NEW ORLEANS—Competition was mentioned at the NCTA show both in the sessions and on the exhibit floor. However, there were no sessions specifically focused on cable operators’ experiences confronting the industry’s competitors. This was a missed opportunity.
Each year, the Cable Show celebrates the industry for its members, investors, regulators, media and other stakeholders. It provides a convenient venue for vendors, tire-kickers and purchase-order-writers to get together. It also offers an opportunity for industry participants to learn from each other. Indeed, the show in New Orleans scheduled many informative sessions on a wide range of topics, with numerous qualified speakers who took their role seriously in conveying their views to attentive audiences. However, given the industry’s competitive challenges, a program of information sharing that lacks sessions on competition cannot win an unqualified “mission accomplished” badge.
Perhaps convention planners feared that sessions focusing on competition might be downers or reveal sensitive information. While such concerns are understandable, more weight should have been given to the educational value of such sessions. MSO panel participants could describe how they are dealing with competitive challenges in a way that would not give aid and comfort to adversaries and naysayers.
Here are examples of worthy sessions not scheduled at this year’s Cable Show:
• On the Telco Frontlines: War stories from cable operators facing competition from Verizon FiOS or AT&T U-verse. Effective selling points of these competitive services and their exploitable weaknesses.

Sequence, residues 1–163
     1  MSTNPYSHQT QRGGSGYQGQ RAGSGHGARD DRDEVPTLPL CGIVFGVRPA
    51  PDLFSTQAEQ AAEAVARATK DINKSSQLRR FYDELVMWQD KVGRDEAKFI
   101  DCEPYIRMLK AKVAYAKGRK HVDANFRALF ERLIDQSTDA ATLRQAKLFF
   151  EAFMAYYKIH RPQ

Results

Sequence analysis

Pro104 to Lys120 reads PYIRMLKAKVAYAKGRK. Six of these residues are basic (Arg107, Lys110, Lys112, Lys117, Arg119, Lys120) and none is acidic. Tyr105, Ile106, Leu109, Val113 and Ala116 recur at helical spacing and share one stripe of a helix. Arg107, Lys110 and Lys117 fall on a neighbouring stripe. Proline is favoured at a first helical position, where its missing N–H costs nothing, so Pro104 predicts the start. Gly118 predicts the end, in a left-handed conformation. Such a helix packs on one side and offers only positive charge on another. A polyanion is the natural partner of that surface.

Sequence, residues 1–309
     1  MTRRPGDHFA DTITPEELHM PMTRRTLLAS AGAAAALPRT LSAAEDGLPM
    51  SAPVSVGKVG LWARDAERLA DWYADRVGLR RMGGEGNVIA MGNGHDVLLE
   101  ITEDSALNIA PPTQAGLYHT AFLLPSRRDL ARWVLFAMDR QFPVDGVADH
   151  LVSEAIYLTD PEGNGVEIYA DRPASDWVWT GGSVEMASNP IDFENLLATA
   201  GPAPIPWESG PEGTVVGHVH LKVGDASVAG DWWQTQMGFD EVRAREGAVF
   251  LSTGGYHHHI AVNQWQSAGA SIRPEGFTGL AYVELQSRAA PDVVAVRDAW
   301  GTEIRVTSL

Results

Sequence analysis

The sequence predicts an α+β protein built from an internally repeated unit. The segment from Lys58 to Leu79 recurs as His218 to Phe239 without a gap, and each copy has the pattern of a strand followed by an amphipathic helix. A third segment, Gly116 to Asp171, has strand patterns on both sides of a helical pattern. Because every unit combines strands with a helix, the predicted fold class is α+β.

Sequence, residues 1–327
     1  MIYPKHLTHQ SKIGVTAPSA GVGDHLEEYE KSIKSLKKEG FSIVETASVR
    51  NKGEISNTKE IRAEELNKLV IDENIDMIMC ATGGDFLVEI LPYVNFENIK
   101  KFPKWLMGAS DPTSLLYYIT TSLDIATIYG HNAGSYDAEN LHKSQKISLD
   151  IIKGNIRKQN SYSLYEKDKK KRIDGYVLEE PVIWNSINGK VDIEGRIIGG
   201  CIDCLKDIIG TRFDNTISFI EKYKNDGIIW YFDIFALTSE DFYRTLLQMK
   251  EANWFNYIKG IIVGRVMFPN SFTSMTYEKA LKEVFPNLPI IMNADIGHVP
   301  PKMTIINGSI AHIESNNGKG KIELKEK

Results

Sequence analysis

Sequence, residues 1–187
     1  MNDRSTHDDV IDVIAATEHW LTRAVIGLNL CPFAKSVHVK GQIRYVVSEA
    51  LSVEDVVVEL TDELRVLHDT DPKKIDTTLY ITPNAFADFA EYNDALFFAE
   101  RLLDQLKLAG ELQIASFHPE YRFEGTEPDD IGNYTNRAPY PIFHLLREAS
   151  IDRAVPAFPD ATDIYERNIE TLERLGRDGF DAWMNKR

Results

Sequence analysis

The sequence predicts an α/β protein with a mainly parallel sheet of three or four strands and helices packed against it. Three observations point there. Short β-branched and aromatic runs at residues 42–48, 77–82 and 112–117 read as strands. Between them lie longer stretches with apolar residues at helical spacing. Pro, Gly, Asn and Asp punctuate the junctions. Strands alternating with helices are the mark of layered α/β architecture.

• DBS vs. Multiplay: To the extent that video-only DBS continues to capture cable subscribers despite cable’s multi-play advantage, why is this happening and what is being done about it?
• Internet TV—the Next Frontier: How best to respond to Internet TV competitively, cooperatively, acquisitively, complacently or otherwise.
• Wireless—What’s Next for Cable?: MSO perspectives on wireless as a strategic imperative and how the Sprint Nextel JV and other wireless initiatives by cable operators will position the industry vis-à-vis the long-term threat posed by telco mobile wireless.
The competitors are out there. They are an unavoidable part of contemporary cable experience. There should have been an NCTA session or two that enabled operators to share their stories from the competitive frontlines.
Sour grapes disclosure: The author proposed a session on cable’s multi-front competition that was declined by the NCTA program committee.
Peter D. Shapiro is founder and principal at PDS Consulting, a cable & telecoms consultancy (www.pdsconsulting.net). He can be reached at: email@example.com.